Business corruption and inefficiencies in public procurement are pervasive in the economy, and this tends to be especially true for developing countries. Focusing primarily on the construction sector, crucial from a policy perspective, this project aims to study the potential frictions to the effectiveness of transparency and enforcement initiatives undertaken by the government in Uganda.
The primary objective is to generate a rich dataset with details of public procurement contracts, business networks, and supply chain linkages, and a variety of firm-level information. With this data, the researchers are interested in testing several information diffusion interventions and estimating their impact on the private sector.
- Thanks to a close partnership with the Uganda anti-corruption agency, researchers manually collected information on the universe of public procurement contracts in Uganda for the period 2008-2016, covering about 30,000 firms, 200,000 contracts, and 250 public entities. They complemented this data with extra details for the approximately 20,000 contracts that have been fully audited by the government during the same time period. This comprehensive dataset contains all the available information on contracts between firms and government bodies, such as contract amount, bidding firms, project description, delays and excessive implementation costs, cases of corruption and other irregularities, quality of the work performed, donor identity, etc.
- This data is then combined with several administrative datasets from the Uganda Revenue Authority (URA). Such datasets contain information on volume of business, imports and exports, and on all VAT registered transactions by all formal firms in Uganda. This allows researchers to construct the full formal network of firms for the period 2010-2016. They match this data to the procurement records thanks to the presence of tax identification numbers.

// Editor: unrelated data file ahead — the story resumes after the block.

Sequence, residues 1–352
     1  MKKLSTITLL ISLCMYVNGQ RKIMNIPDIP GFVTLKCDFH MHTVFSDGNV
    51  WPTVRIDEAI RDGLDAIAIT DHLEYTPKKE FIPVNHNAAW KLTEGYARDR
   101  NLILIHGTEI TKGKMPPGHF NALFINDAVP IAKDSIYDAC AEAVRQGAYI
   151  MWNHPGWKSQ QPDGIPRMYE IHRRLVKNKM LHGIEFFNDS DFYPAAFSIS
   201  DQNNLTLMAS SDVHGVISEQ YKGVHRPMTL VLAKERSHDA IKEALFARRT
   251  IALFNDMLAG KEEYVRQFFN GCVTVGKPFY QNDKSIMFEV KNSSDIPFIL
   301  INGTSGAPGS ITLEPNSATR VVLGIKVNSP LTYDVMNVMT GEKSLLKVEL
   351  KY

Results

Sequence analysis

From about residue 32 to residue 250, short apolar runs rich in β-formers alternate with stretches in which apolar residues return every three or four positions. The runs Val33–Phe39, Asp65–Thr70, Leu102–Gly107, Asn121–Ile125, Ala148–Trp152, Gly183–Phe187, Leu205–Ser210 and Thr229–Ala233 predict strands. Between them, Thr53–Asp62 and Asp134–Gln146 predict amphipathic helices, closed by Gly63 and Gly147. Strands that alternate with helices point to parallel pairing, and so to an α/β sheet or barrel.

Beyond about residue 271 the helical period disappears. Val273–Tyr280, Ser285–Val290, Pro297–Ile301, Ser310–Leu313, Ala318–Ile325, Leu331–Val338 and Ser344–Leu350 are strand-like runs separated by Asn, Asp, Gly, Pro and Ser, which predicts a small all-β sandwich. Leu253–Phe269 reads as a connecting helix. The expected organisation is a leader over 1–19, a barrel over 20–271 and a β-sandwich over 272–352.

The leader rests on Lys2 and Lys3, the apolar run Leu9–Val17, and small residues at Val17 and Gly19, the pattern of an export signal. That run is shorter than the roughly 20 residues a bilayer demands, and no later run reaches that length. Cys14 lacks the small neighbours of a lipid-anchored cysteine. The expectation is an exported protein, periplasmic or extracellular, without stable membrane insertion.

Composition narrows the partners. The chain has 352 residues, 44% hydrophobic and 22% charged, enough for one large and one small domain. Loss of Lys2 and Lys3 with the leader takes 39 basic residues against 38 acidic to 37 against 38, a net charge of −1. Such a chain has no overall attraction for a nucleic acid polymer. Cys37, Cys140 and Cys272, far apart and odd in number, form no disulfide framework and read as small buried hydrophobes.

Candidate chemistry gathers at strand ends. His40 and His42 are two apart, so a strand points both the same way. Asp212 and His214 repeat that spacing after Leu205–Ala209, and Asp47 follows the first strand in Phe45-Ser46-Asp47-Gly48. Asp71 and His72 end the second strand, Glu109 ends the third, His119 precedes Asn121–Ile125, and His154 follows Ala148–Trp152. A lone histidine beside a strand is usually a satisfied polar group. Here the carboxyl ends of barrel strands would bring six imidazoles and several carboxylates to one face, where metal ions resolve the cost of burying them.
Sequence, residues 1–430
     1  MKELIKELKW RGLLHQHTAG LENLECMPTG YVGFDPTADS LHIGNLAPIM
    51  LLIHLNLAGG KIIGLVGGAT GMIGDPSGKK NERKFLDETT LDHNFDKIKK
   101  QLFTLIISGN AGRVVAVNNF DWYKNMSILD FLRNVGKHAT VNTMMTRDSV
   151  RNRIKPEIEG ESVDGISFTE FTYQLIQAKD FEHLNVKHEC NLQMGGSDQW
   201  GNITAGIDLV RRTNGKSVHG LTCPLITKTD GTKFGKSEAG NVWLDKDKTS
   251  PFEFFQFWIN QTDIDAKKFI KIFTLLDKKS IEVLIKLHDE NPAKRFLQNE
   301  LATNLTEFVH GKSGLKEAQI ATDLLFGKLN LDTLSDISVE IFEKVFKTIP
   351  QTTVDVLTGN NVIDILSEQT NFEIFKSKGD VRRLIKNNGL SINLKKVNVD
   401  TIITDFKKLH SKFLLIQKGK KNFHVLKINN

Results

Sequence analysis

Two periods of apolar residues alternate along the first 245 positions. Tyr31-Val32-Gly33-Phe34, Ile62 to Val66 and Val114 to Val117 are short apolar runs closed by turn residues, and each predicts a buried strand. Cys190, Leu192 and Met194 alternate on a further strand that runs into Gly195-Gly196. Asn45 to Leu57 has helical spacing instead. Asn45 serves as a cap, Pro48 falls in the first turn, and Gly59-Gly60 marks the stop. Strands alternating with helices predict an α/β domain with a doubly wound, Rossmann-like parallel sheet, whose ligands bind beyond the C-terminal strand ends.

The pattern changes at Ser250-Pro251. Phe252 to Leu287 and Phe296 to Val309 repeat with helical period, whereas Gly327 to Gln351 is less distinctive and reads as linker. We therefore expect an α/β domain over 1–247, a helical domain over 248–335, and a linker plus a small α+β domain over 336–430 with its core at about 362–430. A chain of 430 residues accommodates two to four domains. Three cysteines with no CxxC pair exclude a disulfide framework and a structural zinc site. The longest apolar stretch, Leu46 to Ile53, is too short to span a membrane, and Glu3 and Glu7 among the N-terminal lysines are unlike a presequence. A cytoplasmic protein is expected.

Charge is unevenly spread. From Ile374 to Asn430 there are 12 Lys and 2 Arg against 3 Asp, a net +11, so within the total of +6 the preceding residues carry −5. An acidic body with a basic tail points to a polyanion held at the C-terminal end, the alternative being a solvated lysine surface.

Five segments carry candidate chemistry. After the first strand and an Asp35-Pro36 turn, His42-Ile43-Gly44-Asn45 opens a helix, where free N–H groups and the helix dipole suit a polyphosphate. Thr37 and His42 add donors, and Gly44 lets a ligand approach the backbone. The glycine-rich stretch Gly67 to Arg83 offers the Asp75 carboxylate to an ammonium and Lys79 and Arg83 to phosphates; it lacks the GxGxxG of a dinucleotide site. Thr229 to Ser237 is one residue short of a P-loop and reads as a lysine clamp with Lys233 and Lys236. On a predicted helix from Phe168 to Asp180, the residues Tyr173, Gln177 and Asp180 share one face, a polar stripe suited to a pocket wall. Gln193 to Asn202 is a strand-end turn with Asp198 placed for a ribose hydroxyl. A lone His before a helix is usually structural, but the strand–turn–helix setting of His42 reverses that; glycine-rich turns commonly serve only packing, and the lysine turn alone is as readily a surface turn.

- Finally, researchers designed a detailed survey of most private sector agents doing business with the government, focusing primarily on the construction sector. This survey, currently in the field, involves more than 4,000 firms across the entire country. The surveys place special emphasis on the role of business networks and supply chain linkages among firms, and it also includes information on costs, profits, organisational structure, management practices, uncertainty, as well as perceptions about corruption and transparency in the sector.
The combination of the various datasets will then be used to (a) measure the extent of corruption, competition, informality, and tax evasion in the economy, (b) investigate the role of competition and transparency in advancing public sector efficiency, and (c) carry out a set of information interventions researchers have developed together with the government. They will then test the impact of these interventions on a variety of outcomes at both the firm and the public entity level.